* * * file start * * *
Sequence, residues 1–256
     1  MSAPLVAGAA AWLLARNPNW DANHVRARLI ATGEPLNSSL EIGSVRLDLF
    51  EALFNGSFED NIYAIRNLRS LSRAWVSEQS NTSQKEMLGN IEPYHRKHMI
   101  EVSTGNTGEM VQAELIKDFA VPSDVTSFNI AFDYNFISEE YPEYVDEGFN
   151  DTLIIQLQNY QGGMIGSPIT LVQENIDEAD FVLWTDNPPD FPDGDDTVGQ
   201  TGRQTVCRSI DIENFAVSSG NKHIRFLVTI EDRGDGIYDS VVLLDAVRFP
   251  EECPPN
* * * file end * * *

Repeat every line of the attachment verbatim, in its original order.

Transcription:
Sequence, residues 1–256
     1  MSAPLVAGAA AWLLARNPNW DANHVRARLI ATGEPLNSSL EIGSVRLDLF
    51  EALFNGSFED NIYAIRNLRS LSRAWVSEQS NTSQKEMLGN IEPYHRKHMI
   101  EVSTGNTGEM VQAELIKDFA VPSDVTSFNI AFDYNFISEE YPEYVDEGFN
   151  DTLIIQLQNY QGGMIGSPIT LVQENIDEAD FVLWTDNPPD FPDGDDTVGQ
   201  TGRQTVCRSI DIENFAVSSG NKHIRFLVTI EDRGDGIYDS VVLLDAVRFP
   251  EECPPN